As I see it, readers assume the great responsibility of which type of reading to employ: they are the ones who decide their purpose of reading a text and how they are going to read it. That is to say that a reader can skim, scan or deeply read a digital text the same way he/she can skim, scan, or deeply read a printed one. A reader who easily gets distracted on-screen is more likely to get distracted in print as well. It might be true that digital reading triggers more potential temptations but, as a matter of fact, temptations that might obstruct reading exist in both hypertextual and conventional environments. Labeling reading on screen as “being neither here nor there” puts the whole blame on the screen-reading presentation; and this neglects the readers’ active role. Moreover, depicting readers as victims of the screen insinuates and portrays them as helpless, capricious, and impulsive.
As a matter of fact, this is an inconclusive debate in which the majority of researchers believe that digital readers lose their haptic interaction with the text, which consequently affects their immersion. Moreover, they also declare that the screen damages contemplative, immersive, and deep reading while it advocates skimming, scanning, and shallow reading. In strike contrary to these critics, supporters of the screen believe that digital reading can even have a better multisensory reading experience. Computers, eBooks, tablets and other reading devices are continuously improving so as to provide readers with better immersive and engaging reading experiences. One example of this is a reading device introduced by Amazon called “Immersion Reading.” This device enables readers to read and listen at the same time by engaging the eye and the ear simultaneously—obviously something paper cannot offer.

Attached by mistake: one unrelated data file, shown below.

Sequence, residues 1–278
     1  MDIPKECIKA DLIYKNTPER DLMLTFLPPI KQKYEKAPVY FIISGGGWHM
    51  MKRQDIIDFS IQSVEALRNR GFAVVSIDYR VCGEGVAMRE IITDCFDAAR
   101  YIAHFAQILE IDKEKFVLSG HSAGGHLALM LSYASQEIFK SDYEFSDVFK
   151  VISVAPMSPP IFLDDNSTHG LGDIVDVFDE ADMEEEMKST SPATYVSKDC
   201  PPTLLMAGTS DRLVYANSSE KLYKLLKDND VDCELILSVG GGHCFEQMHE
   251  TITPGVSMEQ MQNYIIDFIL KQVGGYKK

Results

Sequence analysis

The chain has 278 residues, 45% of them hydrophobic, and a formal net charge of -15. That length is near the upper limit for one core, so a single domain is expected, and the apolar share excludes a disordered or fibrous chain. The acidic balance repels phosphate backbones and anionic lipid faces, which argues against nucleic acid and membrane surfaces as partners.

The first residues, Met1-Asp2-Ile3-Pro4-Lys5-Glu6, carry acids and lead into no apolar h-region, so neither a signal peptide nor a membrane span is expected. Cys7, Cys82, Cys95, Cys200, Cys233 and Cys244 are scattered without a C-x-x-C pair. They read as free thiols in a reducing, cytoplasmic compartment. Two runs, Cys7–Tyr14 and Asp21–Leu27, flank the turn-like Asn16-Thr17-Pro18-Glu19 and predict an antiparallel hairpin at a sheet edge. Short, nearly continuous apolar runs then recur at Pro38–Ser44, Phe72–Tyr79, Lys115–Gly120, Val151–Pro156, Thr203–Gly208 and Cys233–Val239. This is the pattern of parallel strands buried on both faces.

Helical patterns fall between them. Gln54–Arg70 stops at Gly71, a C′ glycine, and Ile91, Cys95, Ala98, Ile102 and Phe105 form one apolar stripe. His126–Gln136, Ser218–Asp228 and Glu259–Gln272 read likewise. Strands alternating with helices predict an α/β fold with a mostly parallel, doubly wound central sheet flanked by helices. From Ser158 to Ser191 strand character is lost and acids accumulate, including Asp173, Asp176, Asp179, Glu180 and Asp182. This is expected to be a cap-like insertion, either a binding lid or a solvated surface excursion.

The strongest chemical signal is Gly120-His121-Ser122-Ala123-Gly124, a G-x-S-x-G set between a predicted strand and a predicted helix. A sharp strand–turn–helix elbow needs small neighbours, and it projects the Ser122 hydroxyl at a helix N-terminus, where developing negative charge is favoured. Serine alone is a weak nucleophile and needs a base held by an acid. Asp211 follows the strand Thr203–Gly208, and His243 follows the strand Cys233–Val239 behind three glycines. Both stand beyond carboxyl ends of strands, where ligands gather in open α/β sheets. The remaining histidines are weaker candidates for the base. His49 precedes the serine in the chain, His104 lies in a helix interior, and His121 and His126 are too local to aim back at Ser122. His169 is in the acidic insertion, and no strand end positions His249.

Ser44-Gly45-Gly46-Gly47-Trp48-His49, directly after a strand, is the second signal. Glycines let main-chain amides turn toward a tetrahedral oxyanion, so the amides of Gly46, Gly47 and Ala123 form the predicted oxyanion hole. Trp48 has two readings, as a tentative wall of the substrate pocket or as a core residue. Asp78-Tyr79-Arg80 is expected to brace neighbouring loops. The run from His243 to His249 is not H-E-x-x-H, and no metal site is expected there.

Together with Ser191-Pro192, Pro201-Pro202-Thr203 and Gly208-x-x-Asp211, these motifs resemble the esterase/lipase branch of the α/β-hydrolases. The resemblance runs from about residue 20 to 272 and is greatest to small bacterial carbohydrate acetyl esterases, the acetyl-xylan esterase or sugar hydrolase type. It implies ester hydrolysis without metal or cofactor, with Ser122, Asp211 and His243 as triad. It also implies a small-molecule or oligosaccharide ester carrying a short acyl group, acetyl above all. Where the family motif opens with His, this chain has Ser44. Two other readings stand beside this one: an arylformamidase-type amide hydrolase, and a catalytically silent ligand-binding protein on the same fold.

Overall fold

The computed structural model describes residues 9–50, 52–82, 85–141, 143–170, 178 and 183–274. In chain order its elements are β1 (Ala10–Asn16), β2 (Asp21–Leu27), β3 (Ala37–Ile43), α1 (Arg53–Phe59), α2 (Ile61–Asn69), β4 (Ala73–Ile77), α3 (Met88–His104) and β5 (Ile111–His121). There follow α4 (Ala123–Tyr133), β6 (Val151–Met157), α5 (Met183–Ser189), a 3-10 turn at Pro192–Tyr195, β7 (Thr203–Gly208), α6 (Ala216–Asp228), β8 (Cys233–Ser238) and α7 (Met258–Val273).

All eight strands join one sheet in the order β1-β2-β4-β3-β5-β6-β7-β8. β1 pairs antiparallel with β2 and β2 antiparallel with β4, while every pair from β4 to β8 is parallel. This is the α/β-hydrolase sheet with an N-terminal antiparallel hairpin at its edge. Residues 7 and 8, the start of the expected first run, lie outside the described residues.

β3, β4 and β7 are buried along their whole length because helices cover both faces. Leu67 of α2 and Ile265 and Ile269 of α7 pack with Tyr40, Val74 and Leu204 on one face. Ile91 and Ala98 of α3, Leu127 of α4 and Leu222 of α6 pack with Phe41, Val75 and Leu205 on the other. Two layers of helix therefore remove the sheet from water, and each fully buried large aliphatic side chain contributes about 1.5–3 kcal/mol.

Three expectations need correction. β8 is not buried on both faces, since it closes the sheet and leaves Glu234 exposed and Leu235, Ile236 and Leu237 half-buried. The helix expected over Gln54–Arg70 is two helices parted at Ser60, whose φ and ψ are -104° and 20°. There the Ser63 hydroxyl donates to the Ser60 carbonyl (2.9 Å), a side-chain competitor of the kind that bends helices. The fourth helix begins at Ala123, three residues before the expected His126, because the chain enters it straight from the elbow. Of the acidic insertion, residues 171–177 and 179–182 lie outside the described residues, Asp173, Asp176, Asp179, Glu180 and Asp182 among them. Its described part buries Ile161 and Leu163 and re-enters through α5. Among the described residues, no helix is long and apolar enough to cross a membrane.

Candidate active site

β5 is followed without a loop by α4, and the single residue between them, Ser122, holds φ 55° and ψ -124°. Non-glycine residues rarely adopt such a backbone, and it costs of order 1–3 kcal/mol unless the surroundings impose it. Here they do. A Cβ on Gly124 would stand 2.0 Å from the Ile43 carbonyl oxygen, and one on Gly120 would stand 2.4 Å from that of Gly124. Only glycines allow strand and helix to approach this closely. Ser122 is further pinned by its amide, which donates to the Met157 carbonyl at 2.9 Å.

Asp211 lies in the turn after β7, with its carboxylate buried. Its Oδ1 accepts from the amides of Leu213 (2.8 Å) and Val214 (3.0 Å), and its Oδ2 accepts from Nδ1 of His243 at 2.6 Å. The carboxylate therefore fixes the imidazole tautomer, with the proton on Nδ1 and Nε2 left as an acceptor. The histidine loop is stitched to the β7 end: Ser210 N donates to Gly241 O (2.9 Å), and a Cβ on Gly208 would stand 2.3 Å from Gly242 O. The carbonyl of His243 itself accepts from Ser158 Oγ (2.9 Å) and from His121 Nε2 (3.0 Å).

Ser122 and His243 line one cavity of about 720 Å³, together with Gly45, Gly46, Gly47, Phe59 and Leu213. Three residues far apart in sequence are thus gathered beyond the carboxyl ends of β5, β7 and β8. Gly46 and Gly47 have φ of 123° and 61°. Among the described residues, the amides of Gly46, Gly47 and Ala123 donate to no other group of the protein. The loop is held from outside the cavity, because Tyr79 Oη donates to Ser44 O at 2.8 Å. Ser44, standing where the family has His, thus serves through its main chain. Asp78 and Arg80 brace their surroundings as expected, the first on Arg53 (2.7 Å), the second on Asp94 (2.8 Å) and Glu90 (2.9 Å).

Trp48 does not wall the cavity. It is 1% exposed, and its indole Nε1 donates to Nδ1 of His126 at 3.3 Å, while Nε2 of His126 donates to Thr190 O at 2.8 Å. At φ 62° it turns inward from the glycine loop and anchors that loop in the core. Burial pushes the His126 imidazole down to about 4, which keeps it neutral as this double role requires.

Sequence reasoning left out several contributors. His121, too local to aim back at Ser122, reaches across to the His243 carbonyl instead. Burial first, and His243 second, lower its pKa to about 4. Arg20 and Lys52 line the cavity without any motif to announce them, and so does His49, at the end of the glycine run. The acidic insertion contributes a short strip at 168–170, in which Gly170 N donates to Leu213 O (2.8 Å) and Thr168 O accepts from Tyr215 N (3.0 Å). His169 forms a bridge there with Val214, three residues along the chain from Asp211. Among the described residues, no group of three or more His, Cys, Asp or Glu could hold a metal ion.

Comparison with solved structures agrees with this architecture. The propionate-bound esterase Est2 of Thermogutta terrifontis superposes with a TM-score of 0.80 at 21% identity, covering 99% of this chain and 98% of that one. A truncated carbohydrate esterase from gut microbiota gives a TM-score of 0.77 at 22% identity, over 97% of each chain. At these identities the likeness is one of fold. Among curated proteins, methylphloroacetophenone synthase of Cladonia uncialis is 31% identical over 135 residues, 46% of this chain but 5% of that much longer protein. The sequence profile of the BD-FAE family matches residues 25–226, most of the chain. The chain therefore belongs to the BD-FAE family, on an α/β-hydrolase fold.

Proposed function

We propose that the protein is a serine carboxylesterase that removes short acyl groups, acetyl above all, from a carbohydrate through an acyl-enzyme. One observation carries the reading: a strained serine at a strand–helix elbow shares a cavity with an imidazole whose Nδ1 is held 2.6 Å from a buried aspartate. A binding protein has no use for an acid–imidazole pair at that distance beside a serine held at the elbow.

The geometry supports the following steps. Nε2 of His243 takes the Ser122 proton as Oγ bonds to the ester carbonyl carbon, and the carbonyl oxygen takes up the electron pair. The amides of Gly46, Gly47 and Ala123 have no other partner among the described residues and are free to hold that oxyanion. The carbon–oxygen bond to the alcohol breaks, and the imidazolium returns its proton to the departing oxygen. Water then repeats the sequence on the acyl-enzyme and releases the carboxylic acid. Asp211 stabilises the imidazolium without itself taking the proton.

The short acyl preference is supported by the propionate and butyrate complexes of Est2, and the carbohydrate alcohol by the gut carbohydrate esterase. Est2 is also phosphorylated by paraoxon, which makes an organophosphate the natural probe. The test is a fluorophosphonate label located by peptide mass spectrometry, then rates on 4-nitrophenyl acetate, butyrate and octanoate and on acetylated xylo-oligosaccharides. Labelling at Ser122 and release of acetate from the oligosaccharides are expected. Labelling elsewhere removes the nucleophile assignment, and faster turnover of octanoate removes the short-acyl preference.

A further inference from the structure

Despite the fierce criticism against the screen as a medium of reading, and despite the number of research that stresses the negative impact the screen has on readers’ immersion and interaction with the text content, the shift towards onscreen reading seems to be growing and inevitable. Thus, instead of promoting one reading format and trying to eliminate the other, and instead of deeming one format superior over the other, it would be more constructive to view the topic of print and screen reading from a complementary perspective: a perspective that provides young readers with effective reading strategies that help them obtain the maximum benefit from both paper- and screen-based texts. The objective should not make young readers fear or shun digital screens, but rather help them succeed in their on-screen reading journey in an era marked by incessant proliferation of digital devices.
Chiong, C., Ree, J., Takeuchi, L., & Erickson, I. (2012). Print Books vs. E-books: Comparing parent-child co-reading on print, basic, and enhanced e-book platforms. The Joan Ganz Cooney Center.
Hillesund, T. (2010). Digital reading spaces: How expert readers handle books, the Web and electronic paper. http://firstmonday.org/article/view/2762/2504
Mangen, A (2008). Hypertext fiction reading: haptics and immersion.
Journal of Research in Reading, Volume 31, Issue 4, 2008, pp 404–419